This article highlights one change which seems to have gone largely unnoticed.There is much hype in the media at the moment regarding what changes may or may not be made in this year’s Federal Budget in relation to the Age Pension.
It goes without saying that the government’s Aged Pension system is complicated.
The task of understanding the system becomes even more confusing when you try and reconcile it with superannuation and other investments that entitle you to a part-pension.
A particular quirk of the system is that if you get things wrong and happen to be overpaid you will have to fully repay the amounts to Centrelink. However, if a mistake results in you being underpaid, there is no mechanism for getting back any underpayment.
This just highlights even more the importance of making sure you know before you retire what you can expect from your superannuation or investment property in conjunction with your entitlement to any Aged Pension entitlement.
From 1 January 2015, super pensions will be assessed under the Centrelink “deeming rules” thanks to a change to the social security income test.
The legislation for this change has passed the House of Representatives and is being examined by the Senate.
The change was proposed by Labor when it was in government and introduced into Parliament by the Coalition after the federal election. It would appear that it is just a matter of having the legislation rubber stamped.
That said, as the start date is not until 1 January 2015, there is an opportunity for anyone who may become eligible for the Aged Pension between now and the end of the year to put a super pension in place that will operate under the current more generous rules.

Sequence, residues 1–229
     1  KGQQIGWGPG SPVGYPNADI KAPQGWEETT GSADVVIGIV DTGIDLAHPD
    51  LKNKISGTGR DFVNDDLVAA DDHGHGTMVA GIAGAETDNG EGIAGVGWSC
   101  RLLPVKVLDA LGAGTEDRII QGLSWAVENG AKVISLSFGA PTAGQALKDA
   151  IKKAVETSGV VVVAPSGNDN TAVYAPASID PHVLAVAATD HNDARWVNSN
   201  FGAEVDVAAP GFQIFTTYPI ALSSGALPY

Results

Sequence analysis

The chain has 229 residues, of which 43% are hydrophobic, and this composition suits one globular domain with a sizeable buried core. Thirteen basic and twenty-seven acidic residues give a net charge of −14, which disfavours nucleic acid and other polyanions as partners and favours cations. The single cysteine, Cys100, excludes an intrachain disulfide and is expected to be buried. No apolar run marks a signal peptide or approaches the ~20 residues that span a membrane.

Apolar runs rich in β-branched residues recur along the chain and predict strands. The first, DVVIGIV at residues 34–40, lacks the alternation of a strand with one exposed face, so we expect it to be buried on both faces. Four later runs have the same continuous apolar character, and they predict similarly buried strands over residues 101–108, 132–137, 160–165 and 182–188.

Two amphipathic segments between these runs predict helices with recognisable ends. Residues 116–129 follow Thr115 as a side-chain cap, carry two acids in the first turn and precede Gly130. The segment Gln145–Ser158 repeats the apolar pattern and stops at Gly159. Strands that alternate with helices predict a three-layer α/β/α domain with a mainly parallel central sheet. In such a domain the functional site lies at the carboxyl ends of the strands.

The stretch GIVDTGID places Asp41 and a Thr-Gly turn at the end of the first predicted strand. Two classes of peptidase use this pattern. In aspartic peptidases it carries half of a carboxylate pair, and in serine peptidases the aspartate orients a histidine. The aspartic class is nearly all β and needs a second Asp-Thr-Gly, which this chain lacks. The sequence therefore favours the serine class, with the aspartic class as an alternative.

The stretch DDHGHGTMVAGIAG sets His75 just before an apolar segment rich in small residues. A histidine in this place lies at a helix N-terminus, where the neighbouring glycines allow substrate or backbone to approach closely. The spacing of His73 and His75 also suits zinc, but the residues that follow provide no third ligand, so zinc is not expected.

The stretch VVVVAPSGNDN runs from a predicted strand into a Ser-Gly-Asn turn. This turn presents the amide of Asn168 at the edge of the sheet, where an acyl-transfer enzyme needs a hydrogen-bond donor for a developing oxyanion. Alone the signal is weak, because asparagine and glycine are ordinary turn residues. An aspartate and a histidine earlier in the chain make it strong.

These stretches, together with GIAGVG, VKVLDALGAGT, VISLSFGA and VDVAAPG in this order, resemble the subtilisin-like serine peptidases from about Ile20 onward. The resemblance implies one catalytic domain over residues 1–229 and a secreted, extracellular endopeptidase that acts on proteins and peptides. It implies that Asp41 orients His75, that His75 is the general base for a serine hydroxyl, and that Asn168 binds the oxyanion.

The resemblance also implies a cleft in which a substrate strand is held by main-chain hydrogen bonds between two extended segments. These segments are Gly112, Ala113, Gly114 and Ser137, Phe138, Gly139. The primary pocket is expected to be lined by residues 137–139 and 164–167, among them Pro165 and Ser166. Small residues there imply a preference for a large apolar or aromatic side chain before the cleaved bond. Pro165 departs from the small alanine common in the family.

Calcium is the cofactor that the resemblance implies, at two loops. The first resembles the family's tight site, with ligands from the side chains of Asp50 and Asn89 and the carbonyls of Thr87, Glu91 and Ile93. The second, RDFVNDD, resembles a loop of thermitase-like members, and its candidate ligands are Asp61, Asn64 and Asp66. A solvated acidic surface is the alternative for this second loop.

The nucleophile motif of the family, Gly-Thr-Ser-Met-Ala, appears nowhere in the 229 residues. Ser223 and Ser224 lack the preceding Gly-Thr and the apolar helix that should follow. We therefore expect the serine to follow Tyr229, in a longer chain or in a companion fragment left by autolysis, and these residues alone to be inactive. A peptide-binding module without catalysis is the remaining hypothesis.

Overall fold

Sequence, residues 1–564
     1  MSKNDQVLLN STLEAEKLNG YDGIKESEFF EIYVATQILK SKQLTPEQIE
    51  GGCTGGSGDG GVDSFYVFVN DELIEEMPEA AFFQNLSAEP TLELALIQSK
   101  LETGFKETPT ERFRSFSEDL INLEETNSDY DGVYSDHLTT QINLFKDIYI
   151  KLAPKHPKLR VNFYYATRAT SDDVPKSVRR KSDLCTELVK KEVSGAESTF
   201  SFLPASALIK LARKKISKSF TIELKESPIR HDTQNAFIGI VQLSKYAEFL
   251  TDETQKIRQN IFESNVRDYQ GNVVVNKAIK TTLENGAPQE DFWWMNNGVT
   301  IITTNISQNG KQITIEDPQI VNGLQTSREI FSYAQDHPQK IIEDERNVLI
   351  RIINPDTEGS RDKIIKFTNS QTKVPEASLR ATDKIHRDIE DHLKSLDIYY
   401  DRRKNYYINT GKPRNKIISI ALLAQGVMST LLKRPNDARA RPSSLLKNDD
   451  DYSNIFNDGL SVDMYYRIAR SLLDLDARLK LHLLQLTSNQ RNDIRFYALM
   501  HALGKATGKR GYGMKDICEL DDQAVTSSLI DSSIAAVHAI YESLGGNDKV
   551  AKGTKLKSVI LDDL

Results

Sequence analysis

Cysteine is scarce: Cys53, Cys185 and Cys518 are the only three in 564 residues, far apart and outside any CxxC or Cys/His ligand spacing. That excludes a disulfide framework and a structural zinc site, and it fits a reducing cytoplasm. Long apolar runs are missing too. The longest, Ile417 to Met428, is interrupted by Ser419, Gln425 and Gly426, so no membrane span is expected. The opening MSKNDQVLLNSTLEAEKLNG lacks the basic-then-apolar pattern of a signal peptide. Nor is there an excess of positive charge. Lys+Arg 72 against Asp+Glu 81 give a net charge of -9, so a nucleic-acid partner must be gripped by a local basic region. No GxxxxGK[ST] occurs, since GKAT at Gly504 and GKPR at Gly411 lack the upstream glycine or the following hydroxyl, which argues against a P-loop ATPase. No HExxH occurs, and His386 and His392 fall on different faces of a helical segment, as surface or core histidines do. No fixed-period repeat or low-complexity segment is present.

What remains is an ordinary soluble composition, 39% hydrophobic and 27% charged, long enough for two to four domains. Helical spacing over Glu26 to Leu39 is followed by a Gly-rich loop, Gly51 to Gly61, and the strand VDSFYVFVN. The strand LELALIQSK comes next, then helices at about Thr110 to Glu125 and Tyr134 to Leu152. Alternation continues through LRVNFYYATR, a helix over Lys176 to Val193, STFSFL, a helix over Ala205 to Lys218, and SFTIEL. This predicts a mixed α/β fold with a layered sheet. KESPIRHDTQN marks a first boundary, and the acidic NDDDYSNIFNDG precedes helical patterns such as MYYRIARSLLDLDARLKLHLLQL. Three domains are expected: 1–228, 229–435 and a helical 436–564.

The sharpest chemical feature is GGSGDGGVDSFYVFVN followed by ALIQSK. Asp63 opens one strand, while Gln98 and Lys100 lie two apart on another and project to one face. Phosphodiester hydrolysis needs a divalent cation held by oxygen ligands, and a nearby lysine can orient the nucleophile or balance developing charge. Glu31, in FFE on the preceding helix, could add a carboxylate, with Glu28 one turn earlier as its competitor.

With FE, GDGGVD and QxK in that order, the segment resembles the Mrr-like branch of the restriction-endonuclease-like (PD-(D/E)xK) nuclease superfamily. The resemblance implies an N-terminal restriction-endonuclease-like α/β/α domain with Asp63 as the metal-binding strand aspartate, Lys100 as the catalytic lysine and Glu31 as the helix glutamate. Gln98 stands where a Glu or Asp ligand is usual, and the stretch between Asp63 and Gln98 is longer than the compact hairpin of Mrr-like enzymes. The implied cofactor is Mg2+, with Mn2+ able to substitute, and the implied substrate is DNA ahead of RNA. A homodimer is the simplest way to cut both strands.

When you start a pension from your super and you also qualify for the Aged Pension, the entire account balance is considered an “assessable asset” under the social security asset test.
Furthermore, the pension income is separately assessed under the “income test”.
Of the two (2) tests, the asset test is tougher because, as well as any super and investments you have, it includes lifestyle assets other than your family home. This means the contents of your home, car, boat and other personal leisure assets.
The income test, on the other hand, has differing ways of assessing more conventional retirement assets like super, investment properties, shares, money in the bank and managed funds.
As well as being counted under the assets test, financial assets – which include shares, managed funds and bank deposits – are deemed to earn a certain level of income according to a formula set by the government. This is based on their market value and whether a single retiree or couple owns them.
Instead of the actual income earned by the investment being counted under the income test, for couple owned investments deeming gives them the income value calculated at 2% for the first $77,400 and 3.5% on the balance.
As far as super is concerned, while the account balance is assessed on the assets test the income testcounts the super pension minus a special incometest deduction determined by the dividing the account balance by a retiree’s age and life expectancy when the pension begins.
For example, a male retiree who starts a super pension at 65 can claim a deduction against the pension income that they withdraw from the super by dividing the account balance by a life expectancy factor of 18.54.
A retiree with a $300,000 super account balance is therefore entitled to deduct $16,180 annually from any pension taken.
Only pension income greater than this, is assessed for theincome test.
However, from 1 January 2015 any new super pensions will be assessed under the deeming rules.
If you would like some assistance or guidance with your planning for the Aged Pension please contact Ellingsen Partners.